The government’s own estimate is that around three million people with long-term conditions could be supported at home. The Department of Health claims that trials have shown that the use of telehealth can lead to a 20 per cent reduction in emergency admissions, a 15 per cent reduction in A&E visits and a 14 per cent reduction in bed days.
Setting out a vision to make England the leading telehealth centre after the United States, Health Secretary Jeremy Hunt says: “People with long-term conditions see doctors and nurses more than most of us; £7 out of every £10 spent on the health budget go towards supporting them.
“I want to free people with long-term conditions from the constant merry-go-round of doctors’ surgeries and hospitals. Technology can help people manage their condition at home, free up a lot of time and save the NHS money. In a world where technology increasingly helps us manage our social and professional lives, it seems logical that it should also help people manage their health.”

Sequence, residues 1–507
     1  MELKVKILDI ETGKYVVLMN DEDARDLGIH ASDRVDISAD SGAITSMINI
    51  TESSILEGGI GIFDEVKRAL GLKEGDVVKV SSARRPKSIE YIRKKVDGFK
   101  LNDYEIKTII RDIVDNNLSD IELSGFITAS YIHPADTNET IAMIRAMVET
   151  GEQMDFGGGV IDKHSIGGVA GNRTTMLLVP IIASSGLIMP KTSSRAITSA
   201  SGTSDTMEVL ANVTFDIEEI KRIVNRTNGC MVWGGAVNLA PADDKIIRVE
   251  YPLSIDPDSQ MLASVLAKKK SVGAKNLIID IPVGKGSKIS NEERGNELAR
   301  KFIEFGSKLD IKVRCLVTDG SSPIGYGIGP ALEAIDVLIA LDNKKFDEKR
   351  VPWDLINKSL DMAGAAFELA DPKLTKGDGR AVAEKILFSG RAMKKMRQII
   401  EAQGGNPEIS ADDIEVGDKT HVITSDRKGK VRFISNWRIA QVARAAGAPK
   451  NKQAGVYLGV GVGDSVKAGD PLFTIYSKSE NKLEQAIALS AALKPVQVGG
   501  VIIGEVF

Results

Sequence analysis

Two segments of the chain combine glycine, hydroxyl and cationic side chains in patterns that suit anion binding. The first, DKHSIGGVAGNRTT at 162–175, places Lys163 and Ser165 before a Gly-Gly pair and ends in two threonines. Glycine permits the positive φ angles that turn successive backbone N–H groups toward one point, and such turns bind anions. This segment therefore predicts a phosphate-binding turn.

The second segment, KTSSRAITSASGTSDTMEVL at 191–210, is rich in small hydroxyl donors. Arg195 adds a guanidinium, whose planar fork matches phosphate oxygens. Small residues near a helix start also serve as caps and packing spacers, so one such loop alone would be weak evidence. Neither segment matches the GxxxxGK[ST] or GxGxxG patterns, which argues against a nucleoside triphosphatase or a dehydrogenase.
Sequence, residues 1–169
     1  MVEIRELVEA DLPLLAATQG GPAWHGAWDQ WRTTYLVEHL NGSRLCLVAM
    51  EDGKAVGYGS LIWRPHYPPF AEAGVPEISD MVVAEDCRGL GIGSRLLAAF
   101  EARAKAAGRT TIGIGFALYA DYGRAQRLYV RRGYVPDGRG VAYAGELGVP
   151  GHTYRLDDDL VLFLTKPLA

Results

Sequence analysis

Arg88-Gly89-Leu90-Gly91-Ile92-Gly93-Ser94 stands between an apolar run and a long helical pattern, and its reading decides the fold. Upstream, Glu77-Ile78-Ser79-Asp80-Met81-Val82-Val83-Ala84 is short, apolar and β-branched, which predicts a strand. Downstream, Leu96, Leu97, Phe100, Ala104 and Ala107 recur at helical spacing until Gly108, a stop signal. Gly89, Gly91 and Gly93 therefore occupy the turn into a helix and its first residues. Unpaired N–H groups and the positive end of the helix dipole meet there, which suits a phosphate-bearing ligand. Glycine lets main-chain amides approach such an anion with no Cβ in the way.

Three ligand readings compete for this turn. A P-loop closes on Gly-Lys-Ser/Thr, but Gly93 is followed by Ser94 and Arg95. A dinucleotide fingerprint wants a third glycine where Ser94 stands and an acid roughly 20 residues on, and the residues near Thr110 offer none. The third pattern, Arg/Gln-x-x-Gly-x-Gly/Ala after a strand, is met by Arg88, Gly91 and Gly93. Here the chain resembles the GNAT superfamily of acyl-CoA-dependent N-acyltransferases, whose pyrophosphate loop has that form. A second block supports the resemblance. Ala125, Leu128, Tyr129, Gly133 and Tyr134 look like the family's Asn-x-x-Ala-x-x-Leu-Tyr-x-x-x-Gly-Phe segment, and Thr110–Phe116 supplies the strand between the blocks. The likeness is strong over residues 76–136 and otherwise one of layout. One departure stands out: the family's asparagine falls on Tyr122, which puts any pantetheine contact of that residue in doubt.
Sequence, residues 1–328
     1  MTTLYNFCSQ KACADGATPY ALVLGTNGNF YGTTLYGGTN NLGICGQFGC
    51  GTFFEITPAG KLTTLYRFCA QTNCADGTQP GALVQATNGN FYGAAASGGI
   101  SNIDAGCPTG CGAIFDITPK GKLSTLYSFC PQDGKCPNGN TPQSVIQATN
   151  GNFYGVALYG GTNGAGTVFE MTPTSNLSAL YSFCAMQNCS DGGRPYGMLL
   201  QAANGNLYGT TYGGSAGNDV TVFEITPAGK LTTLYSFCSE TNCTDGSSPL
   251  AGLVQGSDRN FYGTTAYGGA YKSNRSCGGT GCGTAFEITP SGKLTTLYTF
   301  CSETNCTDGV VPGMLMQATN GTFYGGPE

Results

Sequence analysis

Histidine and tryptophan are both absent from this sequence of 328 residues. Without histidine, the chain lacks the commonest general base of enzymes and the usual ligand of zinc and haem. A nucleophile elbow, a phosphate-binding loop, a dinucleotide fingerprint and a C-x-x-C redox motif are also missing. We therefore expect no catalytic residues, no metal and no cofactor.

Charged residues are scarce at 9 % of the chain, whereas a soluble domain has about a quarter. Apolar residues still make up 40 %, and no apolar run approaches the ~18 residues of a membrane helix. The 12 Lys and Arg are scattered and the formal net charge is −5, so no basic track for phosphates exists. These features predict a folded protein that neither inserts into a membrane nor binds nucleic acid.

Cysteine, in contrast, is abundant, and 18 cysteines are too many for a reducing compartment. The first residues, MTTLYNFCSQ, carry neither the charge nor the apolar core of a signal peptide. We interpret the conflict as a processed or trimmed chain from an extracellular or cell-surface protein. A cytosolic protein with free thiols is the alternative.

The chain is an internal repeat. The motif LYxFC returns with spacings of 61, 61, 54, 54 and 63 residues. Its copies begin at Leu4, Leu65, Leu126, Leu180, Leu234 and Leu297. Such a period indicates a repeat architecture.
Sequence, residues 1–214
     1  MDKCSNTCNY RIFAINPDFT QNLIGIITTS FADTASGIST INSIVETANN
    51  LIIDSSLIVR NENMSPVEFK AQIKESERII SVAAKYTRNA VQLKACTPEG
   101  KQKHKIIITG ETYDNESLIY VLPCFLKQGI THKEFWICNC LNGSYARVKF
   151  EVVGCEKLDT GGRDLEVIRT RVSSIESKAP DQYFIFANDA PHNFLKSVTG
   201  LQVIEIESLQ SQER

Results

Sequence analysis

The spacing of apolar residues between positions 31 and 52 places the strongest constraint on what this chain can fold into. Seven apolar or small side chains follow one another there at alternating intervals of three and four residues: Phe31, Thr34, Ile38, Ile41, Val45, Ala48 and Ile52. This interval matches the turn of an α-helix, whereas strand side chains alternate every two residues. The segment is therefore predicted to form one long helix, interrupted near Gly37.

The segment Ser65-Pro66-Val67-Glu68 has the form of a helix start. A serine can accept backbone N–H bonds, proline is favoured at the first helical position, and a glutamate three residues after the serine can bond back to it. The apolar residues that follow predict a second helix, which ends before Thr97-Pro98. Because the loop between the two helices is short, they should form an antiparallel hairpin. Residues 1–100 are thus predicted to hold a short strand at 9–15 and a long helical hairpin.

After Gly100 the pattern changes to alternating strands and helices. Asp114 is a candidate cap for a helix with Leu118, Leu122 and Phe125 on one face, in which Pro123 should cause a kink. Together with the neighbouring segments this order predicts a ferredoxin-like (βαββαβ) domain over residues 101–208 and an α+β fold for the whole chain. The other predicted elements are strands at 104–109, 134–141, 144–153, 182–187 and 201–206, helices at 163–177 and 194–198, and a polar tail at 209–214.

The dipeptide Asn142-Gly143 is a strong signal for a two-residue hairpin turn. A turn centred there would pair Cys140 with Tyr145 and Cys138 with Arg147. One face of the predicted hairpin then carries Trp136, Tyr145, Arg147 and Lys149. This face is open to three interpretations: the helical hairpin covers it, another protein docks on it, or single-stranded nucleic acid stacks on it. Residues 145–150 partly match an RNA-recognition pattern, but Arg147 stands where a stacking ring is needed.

But as the NHS faces up to its biggest financial challenge, required to make savings of around £20 billion, the evidence on cost benefits remains less clear. The Nuffield Trust, which assessed pilot projects in East London, Kent and Cornwall for the Department of Health, found that savings were modest, cutting the cost of treatment by £188 to £2,260 during the trial period. This was hardly the ringing endorsement that commissioners of health services were looking for.
Telehealth schemes require significant investment in technology at a time when budgets are under huge pressure and there are competing demands for funding. The technology itself is evolving rapidly and nobody wants to be found making a long-term commitment to equipment that may become obsolete even before it is installed. But few would disagree with the potential benefits afforded by telehealth and there is a determination within the NHS and the private sector to find structures that work well for all parties, particularly through economies of scale.